The army responded several hours later with strikes on several terror targets in Gaza, the Israel Defense Forces said in a statement.

Palestinian media reported that several airstrikes targeted training sites and outposts affiliated with Hamas and other groups.

The Hamas-run Gaza Health Ministry said three men sustained moderate or serious shrapnel wounds from one of the airstrikes.

In the early hours of Saturday, sirens again sounded in Sderot and the village of Ibim. The IDF later attributed the sirens to “non-rocket fire” from Gaza into Israel.

During the earlier barrage, a 65-year-old woman was lightly hurt when she fell while running toward a shelter, medics said. Five people were treated for anxiety.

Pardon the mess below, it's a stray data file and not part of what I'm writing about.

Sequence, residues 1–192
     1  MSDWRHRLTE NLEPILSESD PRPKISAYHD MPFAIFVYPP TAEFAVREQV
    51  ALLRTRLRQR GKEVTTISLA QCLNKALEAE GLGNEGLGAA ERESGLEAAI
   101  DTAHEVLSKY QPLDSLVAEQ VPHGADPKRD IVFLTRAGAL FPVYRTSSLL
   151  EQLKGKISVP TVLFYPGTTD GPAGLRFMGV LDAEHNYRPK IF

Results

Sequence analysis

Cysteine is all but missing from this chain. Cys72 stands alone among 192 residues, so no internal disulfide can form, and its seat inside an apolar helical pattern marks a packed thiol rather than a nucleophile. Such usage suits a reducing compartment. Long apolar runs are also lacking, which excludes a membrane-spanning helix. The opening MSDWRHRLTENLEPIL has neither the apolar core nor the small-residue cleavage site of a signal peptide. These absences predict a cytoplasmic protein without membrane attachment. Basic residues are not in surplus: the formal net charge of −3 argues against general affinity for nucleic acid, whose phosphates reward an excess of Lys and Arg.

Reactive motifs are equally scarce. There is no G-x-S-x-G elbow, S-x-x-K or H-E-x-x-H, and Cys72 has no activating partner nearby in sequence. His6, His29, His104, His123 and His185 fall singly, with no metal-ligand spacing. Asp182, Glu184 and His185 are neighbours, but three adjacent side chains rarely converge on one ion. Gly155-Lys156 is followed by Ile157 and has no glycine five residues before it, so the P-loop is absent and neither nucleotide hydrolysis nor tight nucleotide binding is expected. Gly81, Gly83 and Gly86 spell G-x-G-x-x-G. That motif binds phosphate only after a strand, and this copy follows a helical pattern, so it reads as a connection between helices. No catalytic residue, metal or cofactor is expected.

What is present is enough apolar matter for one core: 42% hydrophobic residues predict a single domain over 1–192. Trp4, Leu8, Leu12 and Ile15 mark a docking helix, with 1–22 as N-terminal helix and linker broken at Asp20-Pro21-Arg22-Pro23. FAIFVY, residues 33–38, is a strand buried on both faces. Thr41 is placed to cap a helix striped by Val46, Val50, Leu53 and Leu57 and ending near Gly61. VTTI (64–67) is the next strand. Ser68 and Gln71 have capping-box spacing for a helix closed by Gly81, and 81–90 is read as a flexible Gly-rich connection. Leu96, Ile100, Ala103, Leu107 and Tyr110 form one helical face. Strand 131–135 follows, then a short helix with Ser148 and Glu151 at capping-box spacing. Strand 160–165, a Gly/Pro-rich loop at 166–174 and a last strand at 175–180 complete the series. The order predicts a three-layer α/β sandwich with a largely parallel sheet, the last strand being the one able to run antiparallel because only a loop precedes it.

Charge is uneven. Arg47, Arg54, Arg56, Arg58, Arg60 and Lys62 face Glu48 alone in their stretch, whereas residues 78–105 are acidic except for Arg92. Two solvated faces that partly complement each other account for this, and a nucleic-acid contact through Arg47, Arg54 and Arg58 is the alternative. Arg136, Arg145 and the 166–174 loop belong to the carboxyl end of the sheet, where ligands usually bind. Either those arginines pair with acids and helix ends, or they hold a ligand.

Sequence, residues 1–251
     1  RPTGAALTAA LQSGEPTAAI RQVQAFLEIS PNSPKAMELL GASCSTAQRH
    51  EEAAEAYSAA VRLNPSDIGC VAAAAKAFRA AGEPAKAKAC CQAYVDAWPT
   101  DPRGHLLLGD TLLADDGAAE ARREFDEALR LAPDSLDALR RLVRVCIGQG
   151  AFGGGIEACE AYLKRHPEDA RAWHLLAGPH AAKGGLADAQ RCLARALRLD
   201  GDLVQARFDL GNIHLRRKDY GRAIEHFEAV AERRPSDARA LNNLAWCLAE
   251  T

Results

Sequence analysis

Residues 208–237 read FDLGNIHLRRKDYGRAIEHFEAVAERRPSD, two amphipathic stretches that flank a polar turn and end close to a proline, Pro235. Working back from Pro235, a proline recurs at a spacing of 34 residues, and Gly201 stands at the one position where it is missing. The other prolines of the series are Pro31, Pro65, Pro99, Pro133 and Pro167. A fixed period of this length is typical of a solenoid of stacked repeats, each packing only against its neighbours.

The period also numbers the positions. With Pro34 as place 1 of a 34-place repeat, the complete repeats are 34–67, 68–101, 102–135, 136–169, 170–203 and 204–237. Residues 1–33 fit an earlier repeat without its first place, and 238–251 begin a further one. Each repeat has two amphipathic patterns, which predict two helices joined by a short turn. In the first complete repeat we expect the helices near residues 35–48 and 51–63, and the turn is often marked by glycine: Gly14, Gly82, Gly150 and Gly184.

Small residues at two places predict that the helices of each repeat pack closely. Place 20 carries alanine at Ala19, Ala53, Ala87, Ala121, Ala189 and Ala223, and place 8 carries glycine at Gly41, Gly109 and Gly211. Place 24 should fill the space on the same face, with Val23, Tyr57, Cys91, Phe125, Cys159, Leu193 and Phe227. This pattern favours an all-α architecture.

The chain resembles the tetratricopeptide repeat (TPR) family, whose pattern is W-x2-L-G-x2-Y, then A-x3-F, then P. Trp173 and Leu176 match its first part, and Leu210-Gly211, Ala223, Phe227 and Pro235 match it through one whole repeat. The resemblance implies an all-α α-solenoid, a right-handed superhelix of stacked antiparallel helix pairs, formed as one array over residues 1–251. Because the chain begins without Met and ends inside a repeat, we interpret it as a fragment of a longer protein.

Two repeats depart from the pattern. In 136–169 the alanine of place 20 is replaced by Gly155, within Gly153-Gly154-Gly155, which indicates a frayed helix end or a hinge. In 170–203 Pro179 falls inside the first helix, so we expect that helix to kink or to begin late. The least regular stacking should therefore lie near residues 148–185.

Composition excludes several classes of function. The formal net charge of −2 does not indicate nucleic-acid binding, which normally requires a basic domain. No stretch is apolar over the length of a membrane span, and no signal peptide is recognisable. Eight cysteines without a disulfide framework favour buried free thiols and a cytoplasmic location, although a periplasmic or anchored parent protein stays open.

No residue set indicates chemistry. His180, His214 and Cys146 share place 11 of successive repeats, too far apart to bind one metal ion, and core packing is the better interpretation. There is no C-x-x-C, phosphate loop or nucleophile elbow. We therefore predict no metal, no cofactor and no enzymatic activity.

The attack was one of the largest in recent months and Prime Minister Benjamin Netanyahu, who is also defense minister, was in contact with IDF Chief of Staff Aviv Kohavi and coordinating a response, officials said.

There was no immediate claim of responsibility from Gaza, but Israel routinely holds Gaza’s Hamas rulers responsible for any violence emanating from the Strip.

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Warning sirens had gone off in the town of Sderot and in other Israeli communities along the Gaza border as many families were eating Friday night Shabbat dinner.

The IDF said 7 rockets were fired in that barrage, all of which were intercepted by the Iron Dome system.

About an hour later another three rockets were fired into Israel and Iron Dome intercepted one. One of the rockets hit the home, causing serious damage but no injuries.